Presented in AABB rhyming structure, the poem is also a Homage to Sir William Schwenck Gilbert's poetic style. It borrows heavily from "If you're anxious for to shine", written for Patience. In this work, Dr Asimov presents advice on writing Science Fiction. The advice reflects on his success with the Foundation series, claiming it comes mostly from using nonsense scientific terms, stealing ideas from other places, and clever male characters.
Another poem written by Isaac Asimov with a similar theme was "How To Succeed At Science Fiction Without Really Trying".
This poem has been reprinted several times; The Best From Fantasy And Science Fiction: Fourth Series (1955), Earth is Room Enough (1957), The Far Ends Of Time And Earth (1979), The Eureka Years (1982), The Best Science Fiction Of Isaac Asimov (1986), The Complete Stories, Volume 1 (1990), and Asimov Laughs Again (1992).
Examples of tropes within this work:
- Always Male: (Conversational Troping) While the poem assumes the potential new author is male, it also recommends that the author focus on a male cast, and the main protagonist should both be clever and avoid romance.
- Artistic License Physics: (Conversational Troping) Despite being known for his Hard Science Fiction, this work specifically advises potential authors to use "tesseractic fallacies in slick and mystic style", meaning it's okay to misuse scientific jargon to attract fans.
- Books on Trope: Gives advice on tropes/tricks of popular Science Fiction for potential new writers. (Take it with a grain of salt.)
- Chaste Hero: (Conversational Troping) This poem advises that aspiring authors should avoid romantic subplots, making their male heroes avoid getting entangled with distracting women.
- Dedication: Dr Asimov prefaces this poem with an apology to W. S. Gilbert.
- Guile Hero: (Conversational Troping) This poem advises that the main character (male, of course) be thinking about politics and dirty tricks, as well as scheming with psychohistory.
- Homage: This poem takes Sir William Schwenck Gilbert's humorous rhyming, drawing upon "If you're anxious for to shine", a Patter Song from Patience. The poem advises aspiring Science Fiction authors on what to imitate, based on Dr Asimov's own success.
- Lyric Swap: A recurring rhyme in this poem is "And all the fans will say, as you walk your [changes] way". The second-to-last word is either spatial, thoughtful, or narrow. The rhyme that follows is also clearly related, but changes even more dramatically each time it's used.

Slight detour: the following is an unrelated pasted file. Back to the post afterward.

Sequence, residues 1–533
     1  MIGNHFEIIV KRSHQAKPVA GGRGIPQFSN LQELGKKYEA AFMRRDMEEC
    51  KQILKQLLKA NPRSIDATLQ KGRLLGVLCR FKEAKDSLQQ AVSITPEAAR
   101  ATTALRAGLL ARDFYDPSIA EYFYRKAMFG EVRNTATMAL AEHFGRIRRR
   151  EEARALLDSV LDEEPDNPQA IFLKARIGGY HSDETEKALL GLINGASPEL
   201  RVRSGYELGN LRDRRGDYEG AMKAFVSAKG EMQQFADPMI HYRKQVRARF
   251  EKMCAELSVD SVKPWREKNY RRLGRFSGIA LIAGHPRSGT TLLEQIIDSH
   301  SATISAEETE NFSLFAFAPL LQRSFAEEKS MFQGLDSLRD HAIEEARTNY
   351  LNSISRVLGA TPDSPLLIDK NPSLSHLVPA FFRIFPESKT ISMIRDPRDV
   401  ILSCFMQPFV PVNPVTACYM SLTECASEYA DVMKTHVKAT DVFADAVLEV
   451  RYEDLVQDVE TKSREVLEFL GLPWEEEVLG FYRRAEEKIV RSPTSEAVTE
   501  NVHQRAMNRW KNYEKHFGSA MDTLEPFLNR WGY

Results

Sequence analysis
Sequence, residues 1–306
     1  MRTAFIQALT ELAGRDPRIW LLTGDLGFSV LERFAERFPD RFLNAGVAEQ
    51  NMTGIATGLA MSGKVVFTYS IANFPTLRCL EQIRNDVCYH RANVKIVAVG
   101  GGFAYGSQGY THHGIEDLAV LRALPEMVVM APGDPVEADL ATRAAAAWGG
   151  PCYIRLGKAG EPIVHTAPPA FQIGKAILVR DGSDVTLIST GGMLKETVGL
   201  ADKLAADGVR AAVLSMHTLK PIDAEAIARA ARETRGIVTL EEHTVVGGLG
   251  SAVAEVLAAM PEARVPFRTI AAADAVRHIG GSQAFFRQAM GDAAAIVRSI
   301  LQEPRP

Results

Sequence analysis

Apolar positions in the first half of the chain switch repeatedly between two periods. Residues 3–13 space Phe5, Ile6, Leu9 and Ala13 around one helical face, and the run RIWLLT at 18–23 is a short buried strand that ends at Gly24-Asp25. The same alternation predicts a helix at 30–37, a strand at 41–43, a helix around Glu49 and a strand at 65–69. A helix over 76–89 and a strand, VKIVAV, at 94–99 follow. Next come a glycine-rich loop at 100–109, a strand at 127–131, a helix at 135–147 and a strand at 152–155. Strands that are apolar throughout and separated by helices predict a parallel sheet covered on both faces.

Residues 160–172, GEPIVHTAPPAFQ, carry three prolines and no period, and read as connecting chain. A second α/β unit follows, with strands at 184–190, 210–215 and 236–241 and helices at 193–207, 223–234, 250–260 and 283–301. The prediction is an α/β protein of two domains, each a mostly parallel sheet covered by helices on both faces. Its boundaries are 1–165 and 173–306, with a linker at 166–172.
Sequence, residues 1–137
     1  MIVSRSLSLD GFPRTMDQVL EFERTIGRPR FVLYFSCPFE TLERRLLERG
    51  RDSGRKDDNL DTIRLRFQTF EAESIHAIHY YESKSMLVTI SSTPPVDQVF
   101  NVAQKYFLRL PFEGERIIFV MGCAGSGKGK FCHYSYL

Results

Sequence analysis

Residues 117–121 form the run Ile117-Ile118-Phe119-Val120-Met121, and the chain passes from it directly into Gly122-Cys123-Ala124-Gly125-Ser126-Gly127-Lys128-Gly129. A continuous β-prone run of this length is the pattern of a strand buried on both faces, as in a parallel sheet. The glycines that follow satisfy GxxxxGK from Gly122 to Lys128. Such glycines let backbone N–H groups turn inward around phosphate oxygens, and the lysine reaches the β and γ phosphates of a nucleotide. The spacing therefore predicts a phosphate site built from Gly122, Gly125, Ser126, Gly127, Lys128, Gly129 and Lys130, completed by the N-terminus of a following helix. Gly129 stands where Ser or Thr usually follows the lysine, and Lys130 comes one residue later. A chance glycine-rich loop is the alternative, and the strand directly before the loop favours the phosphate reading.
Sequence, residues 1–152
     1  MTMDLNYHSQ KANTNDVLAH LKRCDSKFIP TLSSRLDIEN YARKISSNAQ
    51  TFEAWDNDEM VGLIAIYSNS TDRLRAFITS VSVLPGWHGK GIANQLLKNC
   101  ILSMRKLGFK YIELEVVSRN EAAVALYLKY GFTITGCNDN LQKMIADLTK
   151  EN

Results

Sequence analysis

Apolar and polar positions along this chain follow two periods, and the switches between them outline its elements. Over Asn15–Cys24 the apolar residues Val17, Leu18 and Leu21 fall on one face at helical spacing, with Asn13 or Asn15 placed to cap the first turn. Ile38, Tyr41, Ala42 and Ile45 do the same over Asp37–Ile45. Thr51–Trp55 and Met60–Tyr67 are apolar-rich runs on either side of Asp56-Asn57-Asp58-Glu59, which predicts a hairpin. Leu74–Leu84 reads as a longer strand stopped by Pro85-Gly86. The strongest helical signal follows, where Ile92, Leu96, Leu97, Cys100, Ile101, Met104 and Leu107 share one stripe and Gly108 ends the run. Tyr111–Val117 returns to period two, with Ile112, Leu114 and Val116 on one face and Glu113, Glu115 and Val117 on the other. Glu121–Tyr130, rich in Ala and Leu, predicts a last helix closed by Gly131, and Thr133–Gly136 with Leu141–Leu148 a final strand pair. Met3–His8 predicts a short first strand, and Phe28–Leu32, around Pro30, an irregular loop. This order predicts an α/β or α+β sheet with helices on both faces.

- "If that young man indulges in flights through all the Galaxy, Why, what a most imaginative type of man that type of man must be."
- "If that young man involves himself in authentic history, Why, what a very learned kind of high IQ, his high IQ must be."
- "If all his yarns restrict themselves to masculinity, Why, what a most particularly pure young man that pure young man must be."
- Pandering to the Base: (Conversational Troping) This poem gives various bits of advice on how to write the sort of Science Fiction that sells well. While written in 1954, the advice is still as good as it ever was.
- Patter Song: This song acts as an Homage to Sir William Schwenck Gilbert's "If you're anxious for to shine" from Patience. The poem has a number of phrases that evoke a Tongue Twister sense by including rhymes within the lines.
- Self-Parody: Isaac Asimov's poem is mocking his Foundation series (it's even in the name). It points out his borrowing from Roman history, as well as his Technobabble, such as hyperspace drives and psychohistory. The advice isn't actively bad, since he obviously gained considerable success with the series, but it does emphasize some of the negative traits that not everyone enjoys, such as his avoidance of any romantic subplots and male-dominated cast of characters.
- Sincerest Form of Flattery:
- The apology at at start of the poem admits that Dr Asimov was imitating W. S. Gilbert when he was composing this poem.
- This work subtly admits that Dr Asimov's success comes from imitating historical society (such as The Roman Empire).
- This work subtly admits that Dr Asimov's success comes from imitating Edward Gibbon (for his The History Of The Decline And Fall Of The Roman Empire).
- This work subtly admits that Dr Asimov's success comes from imitating Thucydides (for his The History Of The Peloponnesian War).
- Techno Babble: (Conversational Troping) Dr Asimov advises the reader to use scientific jargon (even if it's wrong) in their own works, because that's what the fans enjoy.